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Review Essay – Principles of European Constitutional Law (Armin Von Bogdandy & Jurgen Bast eds., 2006)

Published online by Cambridge University Press:  06 March 2019

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Recently the German Bundesverfassungsgericht (Federal Constitutional Court) knocked on the European Union's door with its impressive judgment on the Lisbon Treaty, recalling all the weight of the German scholarship tradition steeped in the German dogmatic flavor: the attention to the history of sovereignty and the attempt to catch all the European Union constitutional system's life revealed the systemic approach peculiar to the German dogmatic scholarship.

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Copyright © 2009 by German Law Journal GbR 

References

1 Armin Von Bogdandy & Jurgen Bast (eds.), europäisches verfassungsrecht (2003).Google Scholar

2 Antje Wiener, Soft Institutions, in Principles of European Constitutional Law, 420 (A. Von Bogdandy & J. Bast eds., 2006).Google Scholar

3 Armin von Bogdandy, Constitutional Principles, in Principles of European Constitutional Law (A. Von Bogdandy & J. Bast eds., 2006).Google Scholar

4 Id., 7.Google Scholar

5 Id., 5.Google Scholar

6 Id., 9.Google Scholar

7 Christian. Tomuschat, Der Verfassungsstaat im Geşecht der internationalen Beziehungen, 36 Veröffentlichungen der Vereinigung der deutschen Staatsrechtslehrer 51–53 (1978).Google Scholar

8 Principles of European Constitutional Law (note 4), 145.Google Scholar

9 Id., 185.Google Scholar

10 Id., 188.Google Scholar

11 Id., 226.Google Scholar

12 Karl Loewenstein, Political Power and the Governmental Process 203 (1957).Google Scholar

13 Philippe Dann, The Political Institutions, in Principles of European Constitutional Law (note 4), 239.Google Scholar

14 The book came out before the two referenda in France and in the Netherlands.Google Scholar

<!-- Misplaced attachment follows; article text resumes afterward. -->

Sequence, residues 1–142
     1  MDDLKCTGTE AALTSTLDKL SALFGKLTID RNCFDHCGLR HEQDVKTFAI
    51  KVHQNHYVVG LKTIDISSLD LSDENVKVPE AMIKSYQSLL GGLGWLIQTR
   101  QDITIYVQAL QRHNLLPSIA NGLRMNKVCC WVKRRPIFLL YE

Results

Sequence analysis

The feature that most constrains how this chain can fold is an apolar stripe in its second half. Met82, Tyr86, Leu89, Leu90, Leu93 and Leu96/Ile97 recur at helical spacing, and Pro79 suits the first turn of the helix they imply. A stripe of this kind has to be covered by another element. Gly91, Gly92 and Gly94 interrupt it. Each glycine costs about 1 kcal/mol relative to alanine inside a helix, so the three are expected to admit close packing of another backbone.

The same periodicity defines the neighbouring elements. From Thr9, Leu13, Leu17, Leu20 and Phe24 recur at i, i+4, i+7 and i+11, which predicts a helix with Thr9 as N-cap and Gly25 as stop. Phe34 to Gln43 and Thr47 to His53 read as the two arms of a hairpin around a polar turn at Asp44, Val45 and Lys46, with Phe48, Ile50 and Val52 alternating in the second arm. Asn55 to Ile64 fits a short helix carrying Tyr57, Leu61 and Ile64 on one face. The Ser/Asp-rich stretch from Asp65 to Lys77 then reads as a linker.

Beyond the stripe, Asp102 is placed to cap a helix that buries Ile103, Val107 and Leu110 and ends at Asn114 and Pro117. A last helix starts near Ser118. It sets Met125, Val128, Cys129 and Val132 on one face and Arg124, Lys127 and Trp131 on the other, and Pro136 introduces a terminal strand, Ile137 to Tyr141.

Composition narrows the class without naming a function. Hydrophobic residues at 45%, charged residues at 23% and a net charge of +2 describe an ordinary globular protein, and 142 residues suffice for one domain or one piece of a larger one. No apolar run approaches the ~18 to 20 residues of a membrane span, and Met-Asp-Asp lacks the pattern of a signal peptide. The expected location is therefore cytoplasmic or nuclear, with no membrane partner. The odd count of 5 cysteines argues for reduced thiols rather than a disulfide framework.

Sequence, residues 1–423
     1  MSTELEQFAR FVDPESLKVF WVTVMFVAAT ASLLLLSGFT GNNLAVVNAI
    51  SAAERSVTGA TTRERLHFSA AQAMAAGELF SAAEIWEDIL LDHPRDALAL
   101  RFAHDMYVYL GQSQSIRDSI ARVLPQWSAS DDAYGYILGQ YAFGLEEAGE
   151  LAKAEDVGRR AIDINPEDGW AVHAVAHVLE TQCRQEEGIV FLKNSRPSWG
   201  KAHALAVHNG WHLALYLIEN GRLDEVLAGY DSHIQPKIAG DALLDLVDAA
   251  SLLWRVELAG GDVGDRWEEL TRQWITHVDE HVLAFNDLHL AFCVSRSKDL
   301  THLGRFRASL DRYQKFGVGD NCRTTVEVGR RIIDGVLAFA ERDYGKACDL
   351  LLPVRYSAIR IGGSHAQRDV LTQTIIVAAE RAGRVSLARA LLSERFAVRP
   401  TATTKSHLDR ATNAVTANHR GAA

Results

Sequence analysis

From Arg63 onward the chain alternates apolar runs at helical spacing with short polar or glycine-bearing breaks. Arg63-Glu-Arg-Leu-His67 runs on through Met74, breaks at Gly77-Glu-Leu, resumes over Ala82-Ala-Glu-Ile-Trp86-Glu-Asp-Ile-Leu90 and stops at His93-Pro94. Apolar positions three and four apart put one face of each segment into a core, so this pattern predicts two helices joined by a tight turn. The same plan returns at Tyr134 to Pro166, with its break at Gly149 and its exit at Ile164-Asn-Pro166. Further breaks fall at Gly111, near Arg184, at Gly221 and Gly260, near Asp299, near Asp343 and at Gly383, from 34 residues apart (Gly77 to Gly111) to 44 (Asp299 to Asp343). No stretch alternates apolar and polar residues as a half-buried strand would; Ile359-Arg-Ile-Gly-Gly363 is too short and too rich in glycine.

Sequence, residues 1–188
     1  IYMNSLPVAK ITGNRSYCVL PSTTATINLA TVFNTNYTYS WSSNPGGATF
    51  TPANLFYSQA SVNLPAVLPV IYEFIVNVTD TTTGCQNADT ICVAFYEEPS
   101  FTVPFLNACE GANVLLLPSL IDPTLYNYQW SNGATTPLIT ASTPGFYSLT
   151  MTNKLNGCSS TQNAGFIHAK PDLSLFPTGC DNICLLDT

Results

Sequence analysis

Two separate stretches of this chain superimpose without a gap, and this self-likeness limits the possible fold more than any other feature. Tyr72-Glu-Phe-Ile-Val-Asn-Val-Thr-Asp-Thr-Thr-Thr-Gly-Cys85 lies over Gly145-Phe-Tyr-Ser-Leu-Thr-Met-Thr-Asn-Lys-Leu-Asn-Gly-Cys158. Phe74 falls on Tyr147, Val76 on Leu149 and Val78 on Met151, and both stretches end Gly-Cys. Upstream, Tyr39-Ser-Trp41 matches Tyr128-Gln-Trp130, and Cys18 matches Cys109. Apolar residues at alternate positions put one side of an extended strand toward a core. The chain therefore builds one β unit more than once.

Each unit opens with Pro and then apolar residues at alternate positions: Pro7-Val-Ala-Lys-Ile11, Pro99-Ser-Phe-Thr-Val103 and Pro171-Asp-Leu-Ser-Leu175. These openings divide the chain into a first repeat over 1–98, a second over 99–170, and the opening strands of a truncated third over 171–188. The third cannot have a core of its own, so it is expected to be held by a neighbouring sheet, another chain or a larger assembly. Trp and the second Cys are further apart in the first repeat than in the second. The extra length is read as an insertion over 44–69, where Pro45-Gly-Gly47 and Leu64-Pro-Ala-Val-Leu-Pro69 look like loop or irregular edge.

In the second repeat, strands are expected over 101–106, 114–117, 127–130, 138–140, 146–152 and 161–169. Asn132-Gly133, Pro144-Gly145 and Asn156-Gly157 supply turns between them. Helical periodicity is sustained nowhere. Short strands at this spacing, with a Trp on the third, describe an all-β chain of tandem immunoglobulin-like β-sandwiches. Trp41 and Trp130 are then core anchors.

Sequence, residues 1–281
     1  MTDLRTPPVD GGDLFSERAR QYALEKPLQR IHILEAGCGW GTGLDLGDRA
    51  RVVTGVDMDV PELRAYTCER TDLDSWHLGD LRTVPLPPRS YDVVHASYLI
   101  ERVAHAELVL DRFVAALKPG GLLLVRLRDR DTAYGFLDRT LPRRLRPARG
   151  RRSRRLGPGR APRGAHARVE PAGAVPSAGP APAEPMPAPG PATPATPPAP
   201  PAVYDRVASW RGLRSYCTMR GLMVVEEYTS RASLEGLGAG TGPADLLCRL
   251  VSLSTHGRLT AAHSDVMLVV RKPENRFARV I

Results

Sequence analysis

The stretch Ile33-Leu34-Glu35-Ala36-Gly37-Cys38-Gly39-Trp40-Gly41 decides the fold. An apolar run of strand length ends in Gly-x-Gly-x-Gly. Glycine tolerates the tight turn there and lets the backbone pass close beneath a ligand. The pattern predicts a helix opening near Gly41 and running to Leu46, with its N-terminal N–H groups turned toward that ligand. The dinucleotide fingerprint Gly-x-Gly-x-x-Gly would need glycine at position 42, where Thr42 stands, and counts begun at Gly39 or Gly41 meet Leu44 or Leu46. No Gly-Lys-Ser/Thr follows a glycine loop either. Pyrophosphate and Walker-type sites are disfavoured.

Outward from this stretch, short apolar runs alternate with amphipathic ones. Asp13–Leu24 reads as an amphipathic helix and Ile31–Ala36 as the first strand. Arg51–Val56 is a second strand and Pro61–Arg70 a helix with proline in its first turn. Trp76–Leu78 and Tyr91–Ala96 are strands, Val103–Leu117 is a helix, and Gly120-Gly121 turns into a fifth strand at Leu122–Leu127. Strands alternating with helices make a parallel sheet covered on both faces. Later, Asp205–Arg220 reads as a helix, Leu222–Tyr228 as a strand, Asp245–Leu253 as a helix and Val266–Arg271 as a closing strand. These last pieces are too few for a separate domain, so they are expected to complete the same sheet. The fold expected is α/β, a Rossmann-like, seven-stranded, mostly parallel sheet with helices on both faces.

15 Because of the inevitable connection between vertical and horizontal orders of competences.Google Scholar

16 Id., 372.Google Scholar

17 Id., 421.Google Scholar

18 Id., 499.Google Scholar

19 Jürgen Kühling, Fundamental Rights, in Principles of European Constitutional Law (note 4), 504Google Scholar

20 Id., 507 et seq.Google Scholar

21 Id., 567.Google Scholar

22 Armin Hatje, The Economic Constitution, in Principles of European Constitutional Law, 587–632 (A.von Bogdandy & J. Bast eds., 2006).Google Scholar

23 See for example the use of the Freiburg School Ordoliberal model.Google Scholar

24 Principles of European Constitutional Law (note 4), 730.Google Scholar

25 Id., 734.Google Scholar

26 Id., 761.Google Scholar

27 Id., 802.Google Scholar

28 See for example the essays of Haltern, Möellers and Kirchhof.Google Scholar

29 J. Ziller, Il nuovo Trattato europeo (2008).Google Scholar

30 ECJ, Joined cases C-402/05 P and C-415/05 P, Yassin Abdullah Kadi and Al Barakaat International Foundation v. European Council, 2008, not yet published: “Fundamental rights form an integral part of the general principles of law whose observance the Court ensures. For that purpose, the Court draws inspiration from the constitutional traditions common to the Member States and from the guidelines supplied by international instruments for the protection of human rights on which the Member States have collaborated or to which they are signatories…. It follows from all those considerations that the obligations imposed by an international agreement cannot have the effect of prejudicing the constitutional principles of the EC Treaty, which include the principle that all Community acts must respect fundamental rights, that respect constituting a condition of their lawfulness which it is for the Court to review in the framework of the complete system of legal remedies established by the Treaty”.Google Scholar

31 “The term ‘formant’ comes from phonetics, and a legal formant is the body of rules and propositions that contribute to “forming” the legal system. Without establishing any hierarchy between them, the comparativist studies the relevance of the legislative, scholarly and jurisprudential formants, along with constitutional conventions and interpretative usages, etc. Naturally, the number of legal formants and their comparative importance vary enormously from one legal system to another.’ Alberto Vespaziani, Comparison, Translation and the Making of a Common European Constitutional Culture 5 German Law Journal 547, 563 (2008), available at http://germanlawjournal.com/index.php?pageID=11&artID=955. The term ‘formant’ was introduced by Rodolfo Sacco (Legal Formants: A Dynamic Approach to Comparative Law American Journal of Comparative Law 1 (I) (1991) 39; Rodolfo Sacco, Legal Formants: A Dynamic Approach to Comparative Law American Journal of Comparative Law 343 (II)’ (1991) 39).Google Scholar

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